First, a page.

Rich Clune

A faster Rich Clune still plays with an edge while keeping an eye out for his teammates

By Jim Diamond

It wasn’t that long ago that a player looking to make an impression on the coaching staff in training camp would look to do so by challenging anyone and everyone they could to drop the gloves and fight. It didn’t matter if it was practice, a scrimmage, or a preseason game, that was a way for a player looking for a roster spot to get noticed. Fights in practices and scrimmages are a rarity these days.

Hockey has evolved over the years, and the days of the one-dimensional enforcer-type player are all but over. In order to make it and stay in the NHL, an element of toughness is still a bonus, but a guy needs to be able to contribute with his gloves on in order to earn one of the 23 coveted spots on the big club’s roster.

Sunday afternoon, 40 of the players in Nashville’s camp participated in a scrimmage game at Centennial Sportsplex. Many of those who dressed for the game were the younger ones, with a few veterans in there as well.

Entering his third season in Nashville, Rich Clune was one of the veterans to participate in the scrimmage. The pace of the game was rather quick, and Clune was noticeably faster than in previous seasons, leading the rush on several occasions.

“I am a little bit lighter than the couple of years past and I worked with a skating guy over the summer, so my legs feel good,” Clune said. “When you get out there battling for pucks and hitting, it is a totally different conditioning system out there.”

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Clune still plays the game with a hard edge and knows that one of his responsibilities is to take care of his teammates.

During the second period, there was a mash up of players in the corner and bodies were flying. As the players separated, Clune and defenseman Jonathan Diaby were exchanging a few words along with a cross-check or two as well.

“I had to kind of bite my lip,” Clune said. “I don’t want to fight in an intrasquad game, and nobody else does too. I just thought he maybe hit my little centerman there, my little buddy there from behind.”

The tale of the tape was not in Clune’s favor. Listed at 5’10” and 207 pounds, Clune was giving up seven inches and likely 20 or more pounds to the young blueliner.

Clune and Diaby did not fight, but Clune said that when he is looking out for a teammate, the size of the opponent doesn’t matter.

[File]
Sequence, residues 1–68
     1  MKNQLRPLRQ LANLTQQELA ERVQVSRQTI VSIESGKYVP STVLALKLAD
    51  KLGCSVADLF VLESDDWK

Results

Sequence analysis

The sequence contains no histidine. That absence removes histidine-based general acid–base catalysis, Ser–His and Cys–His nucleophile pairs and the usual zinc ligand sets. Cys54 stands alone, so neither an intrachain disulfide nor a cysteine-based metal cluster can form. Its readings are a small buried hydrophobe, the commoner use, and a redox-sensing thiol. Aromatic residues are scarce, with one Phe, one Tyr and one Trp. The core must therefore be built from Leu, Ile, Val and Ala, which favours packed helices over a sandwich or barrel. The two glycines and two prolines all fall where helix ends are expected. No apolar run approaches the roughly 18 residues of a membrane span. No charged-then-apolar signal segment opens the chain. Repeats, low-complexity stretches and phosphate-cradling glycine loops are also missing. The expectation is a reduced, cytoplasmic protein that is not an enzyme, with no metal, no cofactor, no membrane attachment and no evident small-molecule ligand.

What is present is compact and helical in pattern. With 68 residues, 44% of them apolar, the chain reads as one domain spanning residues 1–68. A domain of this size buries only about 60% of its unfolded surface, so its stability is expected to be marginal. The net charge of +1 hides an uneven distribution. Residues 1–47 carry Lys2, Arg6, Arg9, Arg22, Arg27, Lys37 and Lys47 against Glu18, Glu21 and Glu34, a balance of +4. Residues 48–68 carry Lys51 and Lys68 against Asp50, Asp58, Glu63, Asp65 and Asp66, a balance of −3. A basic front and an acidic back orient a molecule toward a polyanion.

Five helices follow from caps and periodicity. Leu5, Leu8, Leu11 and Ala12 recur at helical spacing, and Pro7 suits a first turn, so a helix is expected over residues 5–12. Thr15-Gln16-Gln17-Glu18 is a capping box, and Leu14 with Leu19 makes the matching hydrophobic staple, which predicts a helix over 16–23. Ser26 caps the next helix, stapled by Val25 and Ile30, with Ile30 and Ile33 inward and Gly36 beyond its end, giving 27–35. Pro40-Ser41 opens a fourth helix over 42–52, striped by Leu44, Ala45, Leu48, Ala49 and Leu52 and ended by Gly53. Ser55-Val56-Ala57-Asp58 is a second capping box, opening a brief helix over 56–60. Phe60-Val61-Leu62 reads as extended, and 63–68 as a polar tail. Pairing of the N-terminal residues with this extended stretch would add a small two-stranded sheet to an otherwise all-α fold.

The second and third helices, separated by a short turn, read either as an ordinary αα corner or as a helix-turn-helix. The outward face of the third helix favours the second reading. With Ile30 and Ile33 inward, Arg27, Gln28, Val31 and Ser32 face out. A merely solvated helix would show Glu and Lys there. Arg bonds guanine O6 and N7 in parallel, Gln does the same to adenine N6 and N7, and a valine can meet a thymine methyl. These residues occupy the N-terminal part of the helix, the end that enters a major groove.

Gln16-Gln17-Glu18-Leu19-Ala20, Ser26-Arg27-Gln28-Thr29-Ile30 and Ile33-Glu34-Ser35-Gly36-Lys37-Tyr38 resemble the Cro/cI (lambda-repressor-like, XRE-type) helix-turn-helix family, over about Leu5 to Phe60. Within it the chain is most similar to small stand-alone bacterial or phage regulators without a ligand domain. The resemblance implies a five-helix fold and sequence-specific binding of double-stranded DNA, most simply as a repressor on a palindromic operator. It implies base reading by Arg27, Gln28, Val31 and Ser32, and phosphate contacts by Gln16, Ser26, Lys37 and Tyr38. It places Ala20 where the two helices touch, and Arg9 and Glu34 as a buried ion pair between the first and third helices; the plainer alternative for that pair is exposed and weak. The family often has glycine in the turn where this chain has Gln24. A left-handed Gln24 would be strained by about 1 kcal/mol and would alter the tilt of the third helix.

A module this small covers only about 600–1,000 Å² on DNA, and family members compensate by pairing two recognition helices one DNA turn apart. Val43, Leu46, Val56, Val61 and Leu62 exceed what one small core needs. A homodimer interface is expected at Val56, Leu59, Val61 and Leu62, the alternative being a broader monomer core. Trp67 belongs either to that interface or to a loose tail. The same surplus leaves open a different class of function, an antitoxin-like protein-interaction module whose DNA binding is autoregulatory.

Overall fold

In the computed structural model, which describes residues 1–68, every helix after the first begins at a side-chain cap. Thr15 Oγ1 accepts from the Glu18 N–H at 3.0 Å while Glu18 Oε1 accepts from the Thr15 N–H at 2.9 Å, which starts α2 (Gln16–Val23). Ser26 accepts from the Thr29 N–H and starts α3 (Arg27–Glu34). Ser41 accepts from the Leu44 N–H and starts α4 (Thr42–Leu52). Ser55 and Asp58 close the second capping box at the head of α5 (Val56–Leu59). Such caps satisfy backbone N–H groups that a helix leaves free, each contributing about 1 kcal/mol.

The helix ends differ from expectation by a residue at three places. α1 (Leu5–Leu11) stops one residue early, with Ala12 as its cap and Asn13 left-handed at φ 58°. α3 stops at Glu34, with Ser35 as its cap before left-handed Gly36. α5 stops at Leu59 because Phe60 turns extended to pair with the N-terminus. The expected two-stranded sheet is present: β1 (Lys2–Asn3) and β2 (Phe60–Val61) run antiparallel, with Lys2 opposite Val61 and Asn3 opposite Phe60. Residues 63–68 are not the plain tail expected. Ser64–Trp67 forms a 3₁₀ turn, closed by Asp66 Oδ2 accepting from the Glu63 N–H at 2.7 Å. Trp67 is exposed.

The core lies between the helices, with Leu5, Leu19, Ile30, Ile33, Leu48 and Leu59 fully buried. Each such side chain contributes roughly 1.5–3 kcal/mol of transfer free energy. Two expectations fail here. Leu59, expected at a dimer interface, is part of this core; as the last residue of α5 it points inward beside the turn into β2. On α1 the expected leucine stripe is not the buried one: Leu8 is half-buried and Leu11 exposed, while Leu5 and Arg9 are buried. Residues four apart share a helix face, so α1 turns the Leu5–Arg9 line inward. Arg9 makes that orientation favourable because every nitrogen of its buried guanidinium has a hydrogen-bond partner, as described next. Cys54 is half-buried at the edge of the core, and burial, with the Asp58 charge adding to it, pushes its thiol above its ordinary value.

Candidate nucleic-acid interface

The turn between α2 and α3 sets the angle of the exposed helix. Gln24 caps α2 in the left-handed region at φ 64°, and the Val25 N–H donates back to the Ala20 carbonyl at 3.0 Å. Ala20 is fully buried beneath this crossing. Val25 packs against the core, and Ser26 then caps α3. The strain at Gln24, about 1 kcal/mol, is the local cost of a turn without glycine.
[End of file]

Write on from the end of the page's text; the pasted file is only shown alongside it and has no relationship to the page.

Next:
“You know me, when I get out there in a game, the adrenaline takes over and I’m a little bit delusional about how tall I am,” he said after the game. “I’ll go say hi to him now. It’s all good.”

Rich Clune reached out to Patrick Wey following Sunday’s fight

By Jim Diamond

Sitting at his locker stall at Centennial Sportsplex following Tuesday’s practice Rich Clune’s right hand bore some abrasions left over from a recent fight.

Just over eight minutes into the first period of Sunday night’s game, Clune skated up ice and was hit into the boards at the red line between the benches by Washington defenseman Patrick Wey. Following the hit, some words were exchanged and then the two dropped the gloves.

Clune’s helmet quickly fell off while the two traded punches early in the scrap. Wey’s remained on his head. Several of Clune’s punches appeared to connect with the visor affixed to Wey’s helmet, which likely caused the damage Clune’s hand was sporting Tuesday.  

At the end of the fight, Clune landed a right uppercut that connected squarely with Wey’s jaw. Wey dropped to the ice immediately and stayed there for a while until assistance arrived. He was able to skate off the ice on his own, albeit with some difficulty.

“I didn’t like it,” Clune said. “When you get engaged in a fight, obviously anything can kind of happen. I’m not going to cry alligator tears. It is a sport, a combat sport. I didn’t realize that the kid went out and I was concerned for him for sure.”

Fighting is part of Clune’s game, and while injuries such as the one Wey sustained are rare, there is always the possibility that one will occur when the gloves are dropped.  

Clune obtained Wey’s phone number and sent him a text message. Clune said Tuesday that Wey responded to that message, and said he appreciated the fact that Clune reached out to him.

Per, Clune’s 16 fighting majors are just three behind Tom Sestito for this season’s league lead. Again per, Sunday’s fight was Wey’s first in the NHL. His only other fight in their database took place January 21, 2009 when Wey was in the United States Hockey League.  

Clune saw 10:46 of ice time in Sunday’s game, the third consecutive game in which he received double-digit minutes. Predators head coach Barry Trotz liked how Clune responded in the aftermath of the fight.

“He’s been doing it long enough, that’s part of the role,” Trotz said. “Just as when it happens to you, I think you’ve got to blank it out and forget about it. We talk about having that short-term memory; I think that’s what those guys do.”

The Washington Post reports that Wey will not be in Washington’s lineup Tuesday night, quoting Capitals head coach Adam Oates as saying Wey is, “still not feeling great.”

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